Nourishing Red Lentil Rosemary Soup

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Nourishing Red Lentil Rosemary Soup

I had this beautiful memory come to me the other day. When I was small, my Dad would ask to buy my cold from me any time I caught one. He would procure a shiny coin from his pocket and barter with me for my bucket load of snot, coughs and tickles. 

Whether it was the power of the mind in full force, or some unseen, cosmic energy of the universe, I would cave and sell my bug, and almost instantly feel better.

Now before you start feeling sorry for my old man – part of the magic of this deal was that the coin gave him immunity to any and all microbes it was exchanged for. Pretty cool right?

I used to think so, and I very much wish I had a magic coin from a willing buyer for my cold this week!

After being bundled up on the couch all weekend, I at least got a chance to write a few immune boosting recipes, one of which is today’s recipes. It is my take on the classic Turkish Red Lentil Soup, which used to be be an absolute obsession whilst waitressing at a Spanish Restaurant years ago.

With just a few tweaks, I was able to tick quite a few immune-boosting boxes. Here is a little about the goodies in some of the star ingredients:

Nourishing Red Lentil and Rosemary Soup - full of immune-boosting nutrients. Find it here! Click To Tweet

Nourishing Red Lentil Rosemary Soup

Red Lentils: Plant Protein and Zinc

Red lentils are a good source of plant protein – about 45g per cup – this recipe serves two so that’s about 12g protein per serve [1]. Getting adequate protein is important as it helps maintain a healthy and strong immune system.

Red lentils are also a good source of the mineral zinc, which is super critical for healthy immune function. It also has anti-inflammatory effects by reducing reactive oxygen species and down-regulating inflammatory mediators [2].

If you were to take only one thing for your cold, next time it strikes, zinc would be a great idea. A recent study found taking zinc acutely in amounts of 75mg daily could reduce the length of the common cold by a day. It works by stopping the rhinovirus from replicating [3].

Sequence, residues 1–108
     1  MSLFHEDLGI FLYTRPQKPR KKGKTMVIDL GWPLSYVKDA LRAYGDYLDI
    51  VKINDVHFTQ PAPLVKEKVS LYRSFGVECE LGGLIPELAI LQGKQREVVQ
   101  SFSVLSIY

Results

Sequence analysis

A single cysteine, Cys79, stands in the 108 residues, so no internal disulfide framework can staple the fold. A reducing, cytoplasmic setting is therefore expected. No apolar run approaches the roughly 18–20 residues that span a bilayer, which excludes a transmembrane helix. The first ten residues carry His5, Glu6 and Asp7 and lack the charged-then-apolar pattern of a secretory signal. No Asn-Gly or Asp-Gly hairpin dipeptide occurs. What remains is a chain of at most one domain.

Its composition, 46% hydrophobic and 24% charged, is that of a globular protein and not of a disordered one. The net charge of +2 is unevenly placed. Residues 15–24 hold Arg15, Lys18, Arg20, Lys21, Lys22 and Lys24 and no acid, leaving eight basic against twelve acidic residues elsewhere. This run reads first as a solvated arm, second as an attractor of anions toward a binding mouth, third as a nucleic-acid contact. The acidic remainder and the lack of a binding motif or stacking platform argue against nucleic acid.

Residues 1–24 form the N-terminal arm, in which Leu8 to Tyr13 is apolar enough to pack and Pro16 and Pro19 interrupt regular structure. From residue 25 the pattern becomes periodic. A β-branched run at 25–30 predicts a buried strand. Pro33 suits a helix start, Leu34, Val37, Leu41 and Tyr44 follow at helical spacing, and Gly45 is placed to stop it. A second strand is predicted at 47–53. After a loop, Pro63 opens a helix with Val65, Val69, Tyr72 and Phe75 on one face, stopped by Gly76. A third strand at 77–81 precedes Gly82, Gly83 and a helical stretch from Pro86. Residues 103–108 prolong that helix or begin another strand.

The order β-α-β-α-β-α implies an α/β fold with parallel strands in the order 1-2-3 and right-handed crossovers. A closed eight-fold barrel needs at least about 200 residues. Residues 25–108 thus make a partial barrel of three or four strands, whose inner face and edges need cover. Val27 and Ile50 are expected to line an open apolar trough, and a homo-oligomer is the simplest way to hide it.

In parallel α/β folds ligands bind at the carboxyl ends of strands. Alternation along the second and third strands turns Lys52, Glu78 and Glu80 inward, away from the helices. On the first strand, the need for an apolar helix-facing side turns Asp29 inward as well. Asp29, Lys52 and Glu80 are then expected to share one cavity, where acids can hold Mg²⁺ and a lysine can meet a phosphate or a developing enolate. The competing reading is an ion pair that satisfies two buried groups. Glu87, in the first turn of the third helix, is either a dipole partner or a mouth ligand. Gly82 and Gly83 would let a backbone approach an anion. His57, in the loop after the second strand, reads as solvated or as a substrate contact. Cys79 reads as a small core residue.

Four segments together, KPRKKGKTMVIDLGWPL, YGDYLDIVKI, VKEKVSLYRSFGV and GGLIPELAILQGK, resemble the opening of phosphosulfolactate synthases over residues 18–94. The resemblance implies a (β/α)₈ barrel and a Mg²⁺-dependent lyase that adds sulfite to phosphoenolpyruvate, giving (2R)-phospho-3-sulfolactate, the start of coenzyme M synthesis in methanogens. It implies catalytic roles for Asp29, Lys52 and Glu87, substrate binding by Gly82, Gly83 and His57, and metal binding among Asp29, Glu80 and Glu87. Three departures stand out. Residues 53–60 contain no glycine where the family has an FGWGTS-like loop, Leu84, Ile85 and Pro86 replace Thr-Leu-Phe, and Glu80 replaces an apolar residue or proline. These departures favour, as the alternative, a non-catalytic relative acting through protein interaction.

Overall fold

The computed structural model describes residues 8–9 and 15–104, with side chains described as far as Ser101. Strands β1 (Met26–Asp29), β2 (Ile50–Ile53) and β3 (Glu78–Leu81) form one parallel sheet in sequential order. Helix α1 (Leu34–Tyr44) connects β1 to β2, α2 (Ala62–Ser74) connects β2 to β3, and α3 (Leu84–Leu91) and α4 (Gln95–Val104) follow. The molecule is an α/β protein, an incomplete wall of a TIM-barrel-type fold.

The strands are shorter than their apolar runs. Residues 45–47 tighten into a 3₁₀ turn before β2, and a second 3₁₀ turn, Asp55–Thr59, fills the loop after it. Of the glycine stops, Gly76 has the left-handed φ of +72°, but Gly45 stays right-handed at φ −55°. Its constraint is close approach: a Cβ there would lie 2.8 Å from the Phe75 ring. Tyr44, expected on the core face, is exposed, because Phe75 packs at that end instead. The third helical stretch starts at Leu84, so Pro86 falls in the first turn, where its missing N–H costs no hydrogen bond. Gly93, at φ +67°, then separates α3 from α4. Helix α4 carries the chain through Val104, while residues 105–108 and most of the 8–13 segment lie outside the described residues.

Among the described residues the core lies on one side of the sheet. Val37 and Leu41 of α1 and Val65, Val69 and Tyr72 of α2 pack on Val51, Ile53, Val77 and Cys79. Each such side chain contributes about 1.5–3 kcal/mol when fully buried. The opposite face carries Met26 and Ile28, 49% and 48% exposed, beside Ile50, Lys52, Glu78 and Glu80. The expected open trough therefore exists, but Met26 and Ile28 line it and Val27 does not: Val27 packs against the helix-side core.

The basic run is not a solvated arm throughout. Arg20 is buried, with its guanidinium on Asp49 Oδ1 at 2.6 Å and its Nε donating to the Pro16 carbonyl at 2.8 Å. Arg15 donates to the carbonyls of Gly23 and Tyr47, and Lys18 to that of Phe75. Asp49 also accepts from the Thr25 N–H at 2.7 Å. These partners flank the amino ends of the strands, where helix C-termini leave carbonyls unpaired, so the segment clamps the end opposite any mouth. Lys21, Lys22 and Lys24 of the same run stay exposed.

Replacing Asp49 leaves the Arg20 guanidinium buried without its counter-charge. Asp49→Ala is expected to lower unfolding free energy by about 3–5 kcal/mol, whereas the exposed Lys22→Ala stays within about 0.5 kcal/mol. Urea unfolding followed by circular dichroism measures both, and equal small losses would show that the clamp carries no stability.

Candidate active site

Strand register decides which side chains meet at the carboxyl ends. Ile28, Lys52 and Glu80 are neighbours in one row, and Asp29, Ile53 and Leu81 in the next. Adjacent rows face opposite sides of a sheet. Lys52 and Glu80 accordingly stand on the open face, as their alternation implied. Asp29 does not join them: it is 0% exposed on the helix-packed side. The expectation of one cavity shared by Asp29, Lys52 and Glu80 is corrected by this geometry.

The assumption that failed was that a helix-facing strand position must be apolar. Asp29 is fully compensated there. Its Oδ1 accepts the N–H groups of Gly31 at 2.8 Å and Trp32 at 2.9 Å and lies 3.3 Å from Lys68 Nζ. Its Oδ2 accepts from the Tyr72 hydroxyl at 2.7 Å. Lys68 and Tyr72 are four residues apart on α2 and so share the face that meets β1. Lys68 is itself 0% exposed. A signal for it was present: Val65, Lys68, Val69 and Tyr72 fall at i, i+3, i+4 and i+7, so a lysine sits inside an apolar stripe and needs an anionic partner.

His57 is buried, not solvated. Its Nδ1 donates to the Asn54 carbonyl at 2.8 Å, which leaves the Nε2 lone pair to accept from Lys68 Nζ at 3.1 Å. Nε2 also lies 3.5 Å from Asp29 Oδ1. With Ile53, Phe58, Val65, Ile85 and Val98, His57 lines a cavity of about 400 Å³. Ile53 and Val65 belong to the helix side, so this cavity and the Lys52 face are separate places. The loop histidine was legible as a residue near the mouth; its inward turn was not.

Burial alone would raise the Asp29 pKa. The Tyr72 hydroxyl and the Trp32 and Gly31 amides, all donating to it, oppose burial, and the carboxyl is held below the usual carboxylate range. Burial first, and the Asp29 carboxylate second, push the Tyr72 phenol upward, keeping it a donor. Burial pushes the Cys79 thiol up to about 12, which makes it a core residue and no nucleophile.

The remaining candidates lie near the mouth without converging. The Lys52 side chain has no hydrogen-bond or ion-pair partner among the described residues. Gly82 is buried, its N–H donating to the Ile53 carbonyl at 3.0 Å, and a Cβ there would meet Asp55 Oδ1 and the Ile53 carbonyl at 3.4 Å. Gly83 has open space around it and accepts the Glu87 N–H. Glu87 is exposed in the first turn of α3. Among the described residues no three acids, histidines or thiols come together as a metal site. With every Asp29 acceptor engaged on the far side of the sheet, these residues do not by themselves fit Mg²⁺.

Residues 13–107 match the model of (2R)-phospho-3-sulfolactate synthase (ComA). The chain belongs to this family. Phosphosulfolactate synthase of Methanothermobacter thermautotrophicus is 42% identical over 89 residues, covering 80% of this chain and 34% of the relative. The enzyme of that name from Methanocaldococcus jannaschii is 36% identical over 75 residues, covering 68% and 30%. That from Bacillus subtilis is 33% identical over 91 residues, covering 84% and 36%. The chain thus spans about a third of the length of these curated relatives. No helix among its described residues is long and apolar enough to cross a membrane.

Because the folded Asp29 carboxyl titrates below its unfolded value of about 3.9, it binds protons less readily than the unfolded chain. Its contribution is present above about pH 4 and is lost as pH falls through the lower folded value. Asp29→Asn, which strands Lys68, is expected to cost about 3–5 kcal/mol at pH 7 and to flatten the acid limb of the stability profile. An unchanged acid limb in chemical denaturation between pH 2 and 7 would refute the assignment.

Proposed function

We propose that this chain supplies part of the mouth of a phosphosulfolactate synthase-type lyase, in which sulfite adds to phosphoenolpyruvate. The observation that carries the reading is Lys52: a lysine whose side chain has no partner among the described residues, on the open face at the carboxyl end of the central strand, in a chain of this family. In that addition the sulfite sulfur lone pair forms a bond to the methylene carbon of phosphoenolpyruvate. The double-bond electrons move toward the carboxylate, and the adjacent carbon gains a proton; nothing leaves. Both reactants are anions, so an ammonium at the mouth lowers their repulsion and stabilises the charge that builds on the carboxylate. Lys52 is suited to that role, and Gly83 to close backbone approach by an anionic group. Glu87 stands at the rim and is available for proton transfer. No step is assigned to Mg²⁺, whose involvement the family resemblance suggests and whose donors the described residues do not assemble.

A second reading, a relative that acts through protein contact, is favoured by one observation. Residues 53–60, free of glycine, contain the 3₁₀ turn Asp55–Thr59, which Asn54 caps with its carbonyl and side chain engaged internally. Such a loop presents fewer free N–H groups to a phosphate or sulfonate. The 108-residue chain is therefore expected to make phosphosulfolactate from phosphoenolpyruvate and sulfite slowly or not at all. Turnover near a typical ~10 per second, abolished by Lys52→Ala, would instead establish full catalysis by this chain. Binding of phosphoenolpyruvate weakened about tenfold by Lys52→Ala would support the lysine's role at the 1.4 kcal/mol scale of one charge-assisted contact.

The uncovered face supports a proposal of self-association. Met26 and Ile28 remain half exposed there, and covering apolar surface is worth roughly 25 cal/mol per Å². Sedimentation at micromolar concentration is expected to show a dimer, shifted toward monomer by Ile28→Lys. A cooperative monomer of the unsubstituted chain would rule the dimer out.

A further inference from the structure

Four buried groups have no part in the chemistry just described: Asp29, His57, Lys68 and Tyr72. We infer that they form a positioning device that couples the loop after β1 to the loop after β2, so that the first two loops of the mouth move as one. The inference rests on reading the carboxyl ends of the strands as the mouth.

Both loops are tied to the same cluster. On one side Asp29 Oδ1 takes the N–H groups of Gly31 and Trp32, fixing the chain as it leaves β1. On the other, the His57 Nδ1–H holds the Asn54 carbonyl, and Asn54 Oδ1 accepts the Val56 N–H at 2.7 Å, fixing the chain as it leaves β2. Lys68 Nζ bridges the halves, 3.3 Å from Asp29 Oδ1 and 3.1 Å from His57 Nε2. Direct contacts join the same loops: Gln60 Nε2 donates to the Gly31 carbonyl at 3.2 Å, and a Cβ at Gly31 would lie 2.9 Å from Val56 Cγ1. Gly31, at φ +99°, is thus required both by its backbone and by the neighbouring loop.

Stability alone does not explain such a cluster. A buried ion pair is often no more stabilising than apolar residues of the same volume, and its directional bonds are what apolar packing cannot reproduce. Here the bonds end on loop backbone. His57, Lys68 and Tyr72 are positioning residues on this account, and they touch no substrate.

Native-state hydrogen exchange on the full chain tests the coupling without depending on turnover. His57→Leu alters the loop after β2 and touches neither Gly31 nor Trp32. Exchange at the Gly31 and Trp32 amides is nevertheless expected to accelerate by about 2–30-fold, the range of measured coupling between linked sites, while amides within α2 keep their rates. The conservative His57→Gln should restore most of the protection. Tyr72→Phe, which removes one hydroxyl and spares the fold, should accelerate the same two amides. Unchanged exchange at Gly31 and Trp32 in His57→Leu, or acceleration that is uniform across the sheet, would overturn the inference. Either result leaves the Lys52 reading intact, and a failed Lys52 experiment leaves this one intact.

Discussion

Vegetarians are particularly at risk of deficiency, possibly due to the fact that plant sources such as lentils, whole grains, nuts and seeds, contain phytates which form a strong complex with zinc, making it near on impossible to absorb [2]. To reduce these pesky, inherent antinutrients, its really important to take the extra time to soak your lentils in ample water with a dash of apple cider vinegar, for at least a few hours, to help neutralise their inhibiting effects, and if you can go on to sprout them – even better. One factor working in your favour here – the quality protein in lentils (particularly the amino acid histidine) actually has a positive impact on zinc absorption [4].

Sweet Potato: Vitamin A

Traditional Turkish Red Lentil Soups use potato to thicken the recipe. Sweet potato is a better choice because it contains a precursor to vitamin A in the form of beta-carotene, thanks to the lovely orange colour. Be aware – vegetarians depend on the conversion of beta-carotene to vitamin A as vitamin A itself is only found in animal sources. As a fat soluble vitamin, the inclusion of a quality fat such the olive oil in this recipe helps its absorption [2].

Vitamin A is positively associated with a healthy innate immune response, it is known to reduce intestinal inflammation (where a large component of our immune system resides), and restore the integrity of mucosal membranes (think your gut lining, lungs, mouth, nose and bladder) [2]. 

Rosemary: Anti-microbial

The addition of rosemary to this recipe was a happy accident as some nasty bugs have all but demolished the rest of my herbs in the garden, which doesn’t say much about my gardening skills now does it?! The medicinal qualities of the volatile oils in rosemary sadly are dissipated by heat as you cook, but there still remains some antibacterial, antiviral and anti-inflammatory constituents in the plant, plus, a little fresh leaves sprinkled over the top makes for a pretty garnish [2]. It is a Sun plant in astrology – helping build life force energy, and has a long traditional folk use in treating the common cold.